So you can start referring to each other as Saint Dave, Saint Cindy, Saint Steve, Saint Anna. And that’s cool. It’s legit. It’s 100% theologically accurate. Now, you might not have your own glass candle with your picture on it at the grocery store, you might not get your own day on the calendar – I can’t help you there, but if you are a Christian, you are also a saint. You could maybe even list that on your resume, some people might find it impressive.
But before you get too carried away, let’s see if we can learn a bit more about what it actually means to be a saint. The Greek word, the word Paul first used when he wrote this letter is hagios.
In fact, saint, sanctify, sanctification, hallow, holy, holiness – are all translations of the same Greek root: hagi.
Hagios was a word the Greeks used to talk about some one or some thing that was “devoted to the gods.” It actually comes from the realm of Greek Pagan religions, it was not a Christian word, it’s been around longer than Christianity. So, if you went to worship at a Greek temple and you left something there at the altar of a god, it was hagios, devoted to that god. Priests and others worked in the temple were hagios, dedicated to the god. Or if you built a temple for a Greek god, the temple would be a place that was hagios, dedicated to religious purposes.
The basic, fundamental point is: this thing or this person is now in a relationship with a god or gods, it has spiritual purposes and that makes it different. That makes it hagios, or holy.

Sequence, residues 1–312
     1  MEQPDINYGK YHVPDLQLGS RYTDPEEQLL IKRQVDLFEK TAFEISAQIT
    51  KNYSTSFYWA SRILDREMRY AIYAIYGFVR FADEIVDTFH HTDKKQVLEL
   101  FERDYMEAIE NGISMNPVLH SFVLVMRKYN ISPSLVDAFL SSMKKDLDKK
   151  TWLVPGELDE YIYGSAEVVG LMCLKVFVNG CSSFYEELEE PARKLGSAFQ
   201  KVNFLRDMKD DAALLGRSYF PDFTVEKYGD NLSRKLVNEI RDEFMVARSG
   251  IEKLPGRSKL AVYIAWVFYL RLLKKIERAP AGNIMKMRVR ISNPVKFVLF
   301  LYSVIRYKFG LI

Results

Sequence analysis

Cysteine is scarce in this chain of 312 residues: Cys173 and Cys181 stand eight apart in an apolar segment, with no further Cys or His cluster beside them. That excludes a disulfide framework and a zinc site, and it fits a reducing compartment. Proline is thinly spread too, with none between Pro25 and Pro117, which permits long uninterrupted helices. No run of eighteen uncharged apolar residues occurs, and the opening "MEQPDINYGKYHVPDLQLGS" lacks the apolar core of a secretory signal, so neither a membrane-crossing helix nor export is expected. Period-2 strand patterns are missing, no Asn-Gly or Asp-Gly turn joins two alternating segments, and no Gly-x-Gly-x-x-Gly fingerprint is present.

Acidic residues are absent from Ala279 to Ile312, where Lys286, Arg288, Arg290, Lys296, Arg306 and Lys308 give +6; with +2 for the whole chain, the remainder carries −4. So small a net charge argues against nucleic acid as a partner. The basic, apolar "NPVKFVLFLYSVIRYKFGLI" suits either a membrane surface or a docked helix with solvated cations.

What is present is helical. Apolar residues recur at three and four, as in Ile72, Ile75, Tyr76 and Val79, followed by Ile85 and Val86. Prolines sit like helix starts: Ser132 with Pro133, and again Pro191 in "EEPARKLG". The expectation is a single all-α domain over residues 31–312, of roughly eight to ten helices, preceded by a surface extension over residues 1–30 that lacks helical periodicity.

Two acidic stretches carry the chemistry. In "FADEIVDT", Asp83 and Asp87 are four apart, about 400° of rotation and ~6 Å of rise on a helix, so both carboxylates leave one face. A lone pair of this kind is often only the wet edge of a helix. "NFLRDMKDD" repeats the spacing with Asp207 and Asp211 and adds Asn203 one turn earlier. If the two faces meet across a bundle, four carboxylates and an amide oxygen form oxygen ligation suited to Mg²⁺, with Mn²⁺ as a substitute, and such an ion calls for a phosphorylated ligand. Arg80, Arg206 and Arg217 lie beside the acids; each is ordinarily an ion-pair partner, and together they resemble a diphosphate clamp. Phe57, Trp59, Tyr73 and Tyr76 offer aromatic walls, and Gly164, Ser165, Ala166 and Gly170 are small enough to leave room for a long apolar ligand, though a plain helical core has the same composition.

Now that concept is SUPER important for us to understand. Because, remember, this is a Greek word, it was used to talk about pagan religious things. So, to be holy did NOT mean to be pure, all kinds of immoral and impure things happened in these Greek temples, to be hagios just meant to be set apart for religious use instead of non-religious or secular use.
It was a difference of category, not a difference of quality. You don’t belong in that group, you do belong in this one.
When the Bible calls you a saint, a hagios, it’s not saying you’re this super spiritual person. It’s saying you’re in the category of things that have been set aside as dedicated to God. You’re for His use, and not for the world. According to one Greek language scholar, neither Greek nor Latin had the idea of something that was holy being morally superior, it only meant being set apart. Christianity brought the idea of moral superiority into sainthood, because only Christianity can make that true – that we do become morally cleansed and empowered as Christ has His way in us.
So let’s talk about that for a minute – let’s talk about how we become saints and the effect it has on us.